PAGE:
When Wade Earp’s partner passed away from HIV in 1997, it was his friends from the gay rodeo circuit that offered the most solace during that dark time in his life. His fellow competitors provided much-needed emotional support, while charities affiliated with the rodeo helped pay for his partner’s bills and assisted the couple in preparing for his partner's eventual passing.
“Over the years it literally has become some of the toughest times of my life, and some of these people have been there, and we’ve been there for each other,” Earp told NBC Out, becoming visibly emotional. “I finally found a place where I felt like I belonged.”
Earp, 51, is a longtime member of the Texas Gay Rodeo Association, an affiliate of the International Gay Rodeo Association (IGRA), which supports LGBTQ-friendly rodeos around the world. There are currently 20 gay rodeos under the umbrella of the IGRA, according to the association’s spokesman, Ryan Reed.
Phil Ragsdale of Reno, Nev., came up with the idea of creating a gay rodeo event in the mid-1970s as a way to help raise money for the local LGBTQ senior citizens’ Thanksgiving Day dinner. He hoped the event would raise money for a good cause while at the same time helping to erase some of the stereotypes and misconceptions people had about the LGBTQ community.
The first gay rodeo event was held near Reno in 1976, and by 1985, the International Gay Rodeo Association was founded. The first full IGRA rodeo season occurred a year later with rodeos in Texas, Arizona, California, Colorado and Oklahoma, Reed said.
“Charity has always been at the core of IGRA-sanctioned rodeos,” he added. “As noted in the history, even the first gay rodeo was a charity fundraiser. By the time the 1980s rolled around, the LGBT community was facing the AIDS epidemic, and gay rodeos turned their focus to fundraising specifically to help out AIDS-related service organizations.”
In recent years, Reed said IGRA rodeo organizers have chosen charity partners both within and outside of the LGBTQ community.
Earp, who’s based in Dallas, has been involved in the rodeo circuit for nearly 25 years. After participating in a dance competition at a local saloon hosted by the Texas Gay Rodeo Association, Earp eventually transitioned to rodeo events. He started with one event and eventually competed in all 13 — even becoming the world bareback bronc riding champion.
“[Rodeo] seemed like more of a family-type atmosphere, where once you were included in the group, they would do things together — go out dancing or go to different fundraisers [and] go out and eat,” he said. “Once I got involved, it was just very welcoming, and I finally found a place where I could belong.”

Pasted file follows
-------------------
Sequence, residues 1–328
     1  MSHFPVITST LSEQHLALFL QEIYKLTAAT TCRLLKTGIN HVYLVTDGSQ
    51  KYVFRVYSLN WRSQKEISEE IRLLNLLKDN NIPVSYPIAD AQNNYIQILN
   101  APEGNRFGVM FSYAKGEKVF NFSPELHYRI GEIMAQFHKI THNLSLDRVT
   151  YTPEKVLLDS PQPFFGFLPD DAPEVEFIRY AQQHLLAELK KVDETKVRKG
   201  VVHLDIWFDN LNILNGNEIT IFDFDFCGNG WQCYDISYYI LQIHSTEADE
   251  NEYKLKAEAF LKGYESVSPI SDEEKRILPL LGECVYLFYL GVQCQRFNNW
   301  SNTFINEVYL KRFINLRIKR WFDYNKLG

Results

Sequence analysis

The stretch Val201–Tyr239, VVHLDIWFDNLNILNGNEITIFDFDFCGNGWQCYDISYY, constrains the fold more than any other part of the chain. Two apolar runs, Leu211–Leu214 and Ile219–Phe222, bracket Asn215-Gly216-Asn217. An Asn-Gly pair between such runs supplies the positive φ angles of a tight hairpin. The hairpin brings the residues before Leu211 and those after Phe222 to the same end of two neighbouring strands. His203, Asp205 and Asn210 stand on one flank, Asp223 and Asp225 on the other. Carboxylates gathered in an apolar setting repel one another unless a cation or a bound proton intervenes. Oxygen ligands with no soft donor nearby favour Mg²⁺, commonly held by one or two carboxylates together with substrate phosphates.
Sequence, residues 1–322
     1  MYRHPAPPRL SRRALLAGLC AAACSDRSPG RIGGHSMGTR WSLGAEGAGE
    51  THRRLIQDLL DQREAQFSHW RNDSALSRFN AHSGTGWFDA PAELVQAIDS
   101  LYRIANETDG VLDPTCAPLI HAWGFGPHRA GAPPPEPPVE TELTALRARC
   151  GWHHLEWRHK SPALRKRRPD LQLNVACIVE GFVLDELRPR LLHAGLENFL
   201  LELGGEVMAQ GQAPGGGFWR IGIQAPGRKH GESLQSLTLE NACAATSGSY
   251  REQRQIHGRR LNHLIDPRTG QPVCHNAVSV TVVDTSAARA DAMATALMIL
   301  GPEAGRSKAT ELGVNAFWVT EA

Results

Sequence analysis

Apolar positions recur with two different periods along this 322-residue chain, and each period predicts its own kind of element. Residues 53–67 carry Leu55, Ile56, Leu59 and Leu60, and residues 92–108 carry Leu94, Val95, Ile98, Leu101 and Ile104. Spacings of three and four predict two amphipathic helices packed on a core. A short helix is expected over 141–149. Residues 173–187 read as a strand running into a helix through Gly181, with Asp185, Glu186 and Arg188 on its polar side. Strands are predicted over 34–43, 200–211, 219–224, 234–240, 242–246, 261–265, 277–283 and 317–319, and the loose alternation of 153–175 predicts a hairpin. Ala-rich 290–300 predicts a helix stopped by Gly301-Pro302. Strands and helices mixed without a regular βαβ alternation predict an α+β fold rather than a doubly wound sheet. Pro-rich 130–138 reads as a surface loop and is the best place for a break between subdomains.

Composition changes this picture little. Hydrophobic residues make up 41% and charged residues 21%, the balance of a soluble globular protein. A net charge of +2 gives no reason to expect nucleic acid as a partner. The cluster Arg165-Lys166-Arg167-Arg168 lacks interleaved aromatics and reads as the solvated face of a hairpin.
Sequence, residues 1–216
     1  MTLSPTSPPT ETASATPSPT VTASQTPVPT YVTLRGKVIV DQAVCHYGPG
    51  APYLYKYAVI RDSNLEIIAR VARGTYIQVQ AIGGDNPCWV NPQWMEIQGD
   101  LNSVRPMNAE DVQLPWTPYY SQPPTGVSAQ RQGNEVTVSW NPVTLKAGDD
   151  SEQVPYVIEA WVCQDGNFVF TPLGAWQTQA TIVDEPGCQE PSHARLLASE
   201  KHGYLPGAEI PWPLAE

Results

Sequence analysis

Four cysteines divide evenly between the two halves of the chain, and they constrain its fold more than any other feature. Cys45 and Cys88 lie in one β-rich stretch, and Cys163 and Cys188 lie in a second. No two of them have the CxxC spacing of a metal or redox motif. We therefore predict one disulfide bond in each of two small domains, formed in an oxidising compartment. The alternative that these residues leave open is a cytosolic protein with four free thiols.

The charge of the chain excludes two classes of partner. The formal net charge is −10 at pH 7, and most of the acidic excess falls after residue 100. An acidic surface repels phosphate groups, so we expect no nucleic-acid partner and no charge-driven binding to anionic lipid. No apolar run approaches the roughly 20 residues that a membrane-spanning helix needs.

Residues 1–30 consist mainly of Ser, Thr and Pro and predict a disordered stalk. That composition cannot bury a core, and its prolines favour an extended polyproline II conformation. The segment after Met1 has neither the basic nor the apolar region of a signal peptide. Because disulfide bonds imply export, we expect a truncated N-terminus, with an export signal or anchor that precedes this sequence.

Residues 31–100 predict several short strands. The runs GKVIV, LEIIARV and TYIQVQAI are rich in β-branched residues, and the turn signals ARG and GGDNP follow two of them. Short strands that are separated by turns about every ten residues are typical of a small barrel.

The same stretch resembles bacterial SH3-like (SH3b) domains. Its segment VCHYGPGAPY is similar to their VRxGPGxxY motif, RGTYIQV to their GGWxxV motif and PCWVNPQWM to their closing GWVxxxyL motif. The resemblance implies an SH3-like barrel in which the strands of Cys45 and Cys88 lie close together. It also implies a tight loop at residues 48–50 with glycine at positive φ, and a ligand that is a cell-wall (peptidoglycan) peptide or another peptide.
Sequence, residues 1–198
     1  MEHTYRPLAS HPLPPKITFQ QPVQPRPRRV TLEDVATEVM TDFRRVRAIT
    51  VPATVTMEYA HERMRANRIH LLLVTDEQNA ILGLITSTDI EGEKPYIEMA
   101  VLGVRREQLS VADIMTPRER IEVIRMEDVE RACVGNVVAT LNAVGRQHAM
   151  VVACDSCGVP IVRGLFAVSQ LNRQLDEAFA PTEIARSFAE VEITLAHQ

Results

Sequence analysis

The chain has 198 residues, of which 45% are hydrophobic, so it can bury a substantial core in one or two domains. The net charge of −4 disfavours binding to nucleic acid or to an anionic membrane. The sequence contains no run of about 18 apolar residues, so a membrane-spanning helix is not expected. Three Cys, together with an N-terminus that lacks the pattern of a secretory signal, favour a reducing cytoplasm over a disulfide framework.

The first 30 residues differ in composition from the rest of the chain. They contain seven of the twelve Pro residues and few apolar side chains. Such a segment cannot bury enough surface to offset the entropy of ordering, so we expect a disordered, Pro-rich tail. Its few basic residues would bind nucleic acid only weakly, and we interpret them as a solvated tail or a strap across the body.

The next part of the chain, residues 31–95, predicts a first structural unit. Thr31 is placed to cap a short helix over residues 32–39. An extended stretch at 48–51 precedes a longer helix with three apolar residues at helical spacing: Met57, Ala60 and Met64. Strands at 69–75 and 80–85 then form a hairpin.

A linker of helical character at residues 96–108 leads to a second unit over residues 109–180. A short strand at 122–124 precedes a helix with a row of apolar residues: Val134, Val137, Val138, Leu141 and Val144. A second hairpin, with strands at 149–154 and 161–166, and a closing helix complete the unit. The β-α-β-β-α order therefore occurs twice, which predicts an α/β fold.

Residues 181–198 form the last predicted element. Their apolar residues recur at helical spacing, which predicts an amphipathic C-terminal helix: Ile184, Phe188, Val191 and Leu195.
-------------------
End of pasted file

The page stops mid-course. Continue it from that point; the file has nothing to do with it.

Through the rodeo community, Earp said he has been able to dispel many of the misconceptions he had about coming out and being openly gay. At one point, he thought living his truth would prevent him from being accepted at his church and lead his family to disown him. All of that proved to be untrue, he said, noting that his mother even preached at the funeral of his partner.
“When you first feel you’re different, you kind of feel like you’re the only person like that, so when you start finding like-minded individuals, you start thinking ‘I’m not the only one,’” he said.
Over the years, the rodeo has allowed Earp to meet people from all over the world. He even participates in rodeo schools, where he teaches people with little to no experience how to compete in some of the events.
“There are a lot of people who see what we do and say, ‘I want to try that,’” he said. “A lot of people think they have to own the horses or be living on a farm or ranch or something like that, but I’ve also gotten to teach some inner-city people.”
Earp said it’s especially satisfying seeing people who initially just want to casually learn about rodeos become more and more involved with the activity.
Mary Arbuckle, now the executive director of the Oklahoma City-based Great Plains Rodeo Association, is one such person. After coming out in 1982, Arbuckle became involved with Other Options, an HIV/AIDS organization founded by her mother that serves as a charity partner of the rodeo association Arbuckle now runs. After a few years of being involved with the rodeo as a charity partner, Arbuckle eventually decided she wanted to participate as a competitor.
Arbuckle, now 53, first started chute dogging (steer wrestling), then she moved to steer riding and now she’s a three-time world champion in the wild drag competition, an event including — you guessed it — drag queens. More than half of gay competitors get their start in such campy events that are unique to LGBTQ rodeos, according to the IGRA.
“I love the challenge, but the rodeo group, we really just like to see everyone do well,” Arbuckle said. “Even though we’re competing, we’re really not.”
About 100 people participate every May in the Great Plains Rodeo Association competition, according to Arbuckle, who said the event has become a community staple. “We’re always looking for people that want to come in and join us. If not competing, we have people who do the judging and the timing,” she noted, adding that it’s an all-volunteer event.
While many of the first gay rodeos were founded to help out LGBTQ organizations, the fundraising efforts have since expanded to include organizations that work with children, women and people with disabilities, according to Earp. He and other LGBTQ participants are also adamant that IGRA-affiliated rodeos are dedicated to openness and inclusivity.
"We're not just for the LGBT community," Earp said. [Straight allies also] feel that sense of family and choose to stay within our rodeo, so they feel like they are a part of something."